Growing up in Idaho and attending college in Utah, I did not meet a Muslim until I was 24-years-old and had moved to New York City for graduate school.
The first friend I met at graduate school is Muslim. We met at admitted student day during April 2015 and exchanged phone numbers to keep in contact until school started in September 2015. Our school had organized a scenic cruise where students could meet and mingle while boating around Manhattan, seeing the iconic sights and drinking alcoholic beverages.
Misbah, the girl with whom I had exchanged numbers, texted me to ask if I was going on the cruise. I replied that due to my religious beliefs, I do not drink alcohol and therefore thought that it might be too awkward for me to go on a cruise where most of the others on board would be drinking. Misbah told me that she too does not drink due to religious beliefs and that we should be each other’s sober companions. Thus, we had our own serendipitous moment on the scenic cruise during our first week in Manhattan.
A few days after the cruise, we went to the infamous Shake Shack together. We ended up spending the majority of the time discussing our religious beliefs. During this conversation, there were two lessons I learned.
One, I knew next to nothing about Islam. And, two, we actually have much in common.
First, up to this point, the only information I had heard about Islam was from the media. Through my friendship with Misbah and other relationships with Muslims at school, I can attest that the media does not give Muslims an accurate portrayal.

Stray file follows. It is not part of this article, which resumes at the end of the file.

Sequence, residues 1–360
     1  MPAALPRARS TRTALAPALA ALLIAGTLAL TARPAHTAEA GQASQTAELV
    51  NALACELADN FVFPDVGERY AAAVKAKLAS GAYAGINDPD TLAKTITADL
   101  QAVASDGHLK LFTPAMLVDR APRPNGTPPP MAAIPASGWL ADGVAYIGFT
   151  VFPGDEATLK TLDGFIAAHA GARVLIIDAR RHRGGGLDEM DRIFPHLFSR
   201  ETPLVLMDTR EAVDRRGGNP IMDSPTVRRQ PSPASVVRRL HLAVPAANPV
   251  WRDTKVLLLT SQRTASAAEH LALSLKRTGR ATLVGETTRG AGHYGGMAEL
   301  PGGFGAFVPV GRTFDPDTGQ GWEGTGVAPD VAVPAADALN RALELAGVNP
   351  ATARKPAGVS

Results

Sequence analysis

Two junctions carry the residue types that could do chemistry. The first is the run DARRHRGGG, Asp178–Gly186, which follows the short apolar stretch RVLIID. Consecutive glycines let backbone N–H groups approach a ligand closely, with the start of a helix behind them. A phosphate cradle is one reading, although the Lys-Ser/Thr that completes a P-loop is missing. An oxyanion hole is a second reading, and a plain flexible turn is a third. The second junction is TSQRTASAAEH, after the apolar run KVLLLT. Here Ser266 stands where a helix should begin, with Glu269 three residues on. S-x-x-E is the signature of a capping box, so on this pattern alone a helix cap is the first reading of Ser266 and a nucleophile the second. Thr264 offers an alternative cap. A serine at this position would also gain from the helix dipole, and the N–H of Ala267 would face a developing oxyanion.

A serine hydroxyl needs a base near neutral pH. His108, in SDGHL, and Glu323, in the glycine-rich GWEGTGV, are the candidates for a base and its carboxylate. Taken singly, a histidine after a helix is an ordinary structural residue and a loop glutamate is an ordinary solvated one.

The Muslim girls I have come to know in my program are some of the nicest, smartest and most peaceful people I have ever met. In her studies, my friend Misbah is concentrating on peace and human rights in regards to international education development. Thus, it breaks my heart when I see the media misrepresent her sacred beliefs and generalize all Muslims as terrorists.
When one of our classmates needed surgery, Misbah accompanied the classmate to a local hospital and helped take care of the patient through the recovery period. I can honestly say that I think Misbah would do this for anyone. Sadly, the media does not seem interested in stories about the Muslims who are serving their communities or attending universities.
Second, Muslims and Mormons (also referred to as Latter-Day Saints) are very similar. Misbah and I both grew up learning principles such as the forgiveness, repentance and prayer. Additionally, like Islam, Mormonism also has a negative stigma in the public’s eye while the essential doctrines are commonly misunderstood. Earlier in the school year, when I was struggling with how the media portrays Mormonism, Misbah’s advice to me was to ignore the media, not let it bother me and forgive.
Last, Misbah and I learned that even though we attend different places of worship, we have many of the same interests, such as comedy TV shows, hamburgers, dating and sustainable international education development. I have told my family so much about Misbah that my little sister joked that Misbah is the Muslim Caitlin.
Misbah is my best friend in New York City and has been my lifeline during the challenges of graduate school. By sincerely getting to know someone and by focusing on what you have in common with someone as opposed to the differences, it is possible to have an interfaith friendship.
This is not only true for Mormons and Muslims, but for other religions as well. Religion should not be something that divides people. I feel very fortunate to have such kind Muslim friends. I will stand by them and help defend our right of religious freedom no matter what image the media tries to depict.